Experimental Brain Research

, Volume 212, Issue 1, pp 143–152 | Cite as

Transcranial magnetic stimulation of macaque frontal eye fields decreases saccadic reaction time

  • Annelies Gerits
  • Christian C. Ruff
  • Olivier Guipponi
  • Nicole Wenderoth
  • Jon Driver
  • Wim VanduffelEmail author
Research Article


Transcranial magnetic stimulation (TMS) is increasingly used to perturb targeted human brain sites non-invasively, to test for causal effects on performance of cognitive tasks. TMS might also be used in non-human primates to complement invasive work and compare with human studies. Here, we targeted the frontal eye fields (FEF) in two macaques with a continuous theta-burst (cTBS) protocol, testing the impact on visually guided saccades. After unilateral cTBS over the FEF in either hemisphere, a small (mean 7 ms) but highly consistent decrease in saccadic reaction times (RTs) was observed. Lower latencies arose for saccades both contra- and ipsilateral to the stimulated FEF after cTBS. These results provide the first demonstration that TMS can be used to affect saccadic behavior in non-human primates. The unexpectedly bilateral impact on RTs may reflect an impact on ‘fixation’ neurons in the FEF and/or transcallosal modulation of both FEFs induced by unilateral cTBS. In either case, this study demonstrates a clear behavioral effect induced by TMS in awake behaving monkeys performing a cognitive task. This opens new opportunities for investigating the causal roles of targeted brain areas in behavior, for measuring physiological consequences of TMS in the primate brain, and ultimately for human–monkey comparisons.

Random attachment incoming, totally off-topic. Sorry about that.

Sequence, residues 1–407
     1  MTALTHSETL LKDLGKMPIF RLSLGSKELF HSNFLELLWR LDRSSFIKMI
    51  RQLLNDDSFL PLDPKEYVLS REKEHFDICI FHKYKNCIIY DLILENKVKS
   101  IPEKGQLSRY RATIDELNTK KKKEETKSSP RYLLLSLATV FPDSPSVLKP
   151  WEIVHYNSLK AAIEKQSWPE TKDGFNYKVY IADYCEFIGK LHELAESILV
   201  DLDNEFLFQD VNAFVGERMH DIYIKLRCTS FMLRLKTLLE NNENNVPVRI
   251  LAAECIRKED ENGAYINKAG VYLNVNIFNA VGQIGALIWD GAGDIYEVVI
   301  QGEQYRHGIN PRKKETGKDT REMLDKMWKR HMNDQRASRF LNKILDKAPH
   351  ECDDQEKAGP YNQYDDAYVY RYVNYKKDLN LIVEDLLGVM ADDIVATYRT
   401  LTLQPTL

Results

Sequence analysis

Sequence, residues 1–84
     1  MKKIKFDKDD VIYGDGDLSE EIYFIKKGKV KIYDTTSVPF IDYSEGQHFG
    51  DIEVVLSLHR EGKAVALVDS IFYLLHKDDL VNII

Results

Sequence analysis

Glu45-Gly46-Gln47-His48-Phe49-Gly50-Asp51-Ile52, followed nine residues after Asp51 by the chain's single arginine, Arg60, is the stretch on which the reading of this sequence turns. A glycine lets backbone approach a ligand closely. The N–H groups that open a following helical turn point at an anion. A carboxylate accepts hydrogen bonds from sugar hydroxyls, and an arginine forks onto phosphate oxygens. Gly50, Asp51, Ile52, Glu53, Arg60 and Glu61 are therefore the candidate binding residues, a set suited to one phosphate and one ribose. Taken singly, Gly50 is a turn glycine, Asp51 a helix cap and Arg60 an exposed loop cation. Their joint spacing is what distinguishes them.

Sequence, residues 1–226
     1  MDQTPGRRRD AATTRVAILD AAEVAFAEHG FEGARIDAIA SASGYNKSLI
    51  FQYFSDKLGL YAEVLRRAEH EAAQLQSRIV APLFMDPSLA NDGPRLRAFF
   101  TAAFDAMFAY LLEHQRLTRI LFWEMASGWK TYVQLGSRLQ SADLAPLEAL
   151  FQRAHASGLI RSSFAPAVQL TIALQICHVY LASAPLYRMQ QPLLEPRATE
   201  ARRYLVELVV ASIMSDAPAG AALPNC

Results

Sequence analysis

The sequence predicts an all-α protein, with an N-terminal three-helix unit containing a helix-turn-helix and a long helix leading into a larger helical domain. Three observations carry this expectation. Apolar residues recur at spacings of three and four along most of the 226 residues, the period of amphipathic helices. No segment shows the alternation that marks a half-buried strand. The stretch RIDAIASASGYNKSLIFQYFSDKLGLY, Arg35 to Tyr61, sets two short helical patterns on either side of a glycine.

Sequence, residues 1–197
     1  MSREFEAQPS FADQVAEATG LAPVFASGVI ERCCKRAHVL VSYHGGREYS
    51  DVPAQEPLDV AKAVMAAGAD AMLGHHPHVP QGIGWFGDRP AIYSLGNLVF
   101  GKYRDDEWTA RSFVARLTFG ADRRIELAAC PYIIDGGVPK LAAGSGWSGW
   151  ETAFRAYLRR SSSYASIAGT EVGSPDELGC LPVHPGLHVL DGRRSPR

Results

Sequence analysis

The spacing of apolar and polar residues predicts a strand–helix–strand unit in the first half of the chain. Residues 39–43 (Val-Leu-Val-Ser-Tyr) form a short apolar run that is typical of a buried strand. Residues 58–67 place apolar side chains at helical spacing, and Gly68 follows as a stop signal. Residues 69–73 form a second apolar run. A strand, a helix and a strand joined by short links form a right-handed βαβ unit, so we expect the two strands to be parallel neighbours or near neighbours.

Frontal eye field Macaque Saccades Theta burst TMS 



The authors are indebted to A. Coeman, C. Fransen, M. Depaep, W. Depuydt, M. Deforche, P. Kayenbergh, G. Meulemans, C. Van Eupen, S. Verstraeten for help with the experiments. The work was supported by Human Frontiers Science Program (HFSPO RGP7/2007), Medical Foundation Queen Elisabeth (2008-10), Inter University Attraction Pole6/29, Program Financing 2010-15, Fonds voor Wetenschappelijk onderzoek, VLaanderen (FWO) G.0622.08; FWO G.0593.09, National Science Foundation BCS-0745436 and European Union (EU) grant (FP7 HEALTH-F2-2008-200728), BrainSynch. JD is a Royal Society Anniversary Research Professor. AG has an Aspirant fellowship of FWO-Flanders.

Supplementary material

Supplementary material 1 (MPG 8480 kb)

221_2011_2710_MOESM2_ESM.eps (10.6 mb)
Fig. S1 Schematic drawing of a monkey-TMS setup based on a picture. The left panel of the figure shows the D25mm TMS coil with its center positioned above the monkey’s right FEF. The position was determined using the brainsight neuronavigation system. The head of the monkey was fixed to the chair. In the right panel the size of TMS coil in respect to the monkey’s head size can be observed. (EPS 10892 kb)


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Copyright information

© Springer-Verlag 2011

Authors and Affiliations

  • Annelies Gerits
    • 1
    • 2
    • 3
  • Christian C. Ruff
    • 5
    • 6
    • 7
  • Olivier Guipponi
    • 1
  • Nicole Wenderoth
    • 4
  • Jon Driver
    • 6
    • 7
  • Wim Vanduffel
    • 1
    • 2
    • 3
    Email author
  1. 1.Laboratory for Neuro-and Psychophysiology, K.U. Leuven Medical School, Campus GasthuisbergLeuvenBelgium
  2. 2.Athinoula A. Martinos Center for Biomedical Imaging, Massachusetts General HospitalCharlestownUSA
  3. 3.Department of RadiologyHarvard Medical SchoolCharlestownUSA
  4. 4.Laboratory for Movement Control and Neuroplasticity, K.U. LeuvenLeuvenBelgium
  5. 5.Laboratory for Social and Neural Systems Research (SNS-lab)ZurichSwitzerland
  6. 6.UCL Institute of Cognitive NeuroscienceLondonUK
  7. 7.Wellcome Trust Centre for Neuroimaging at UCLLondonUK

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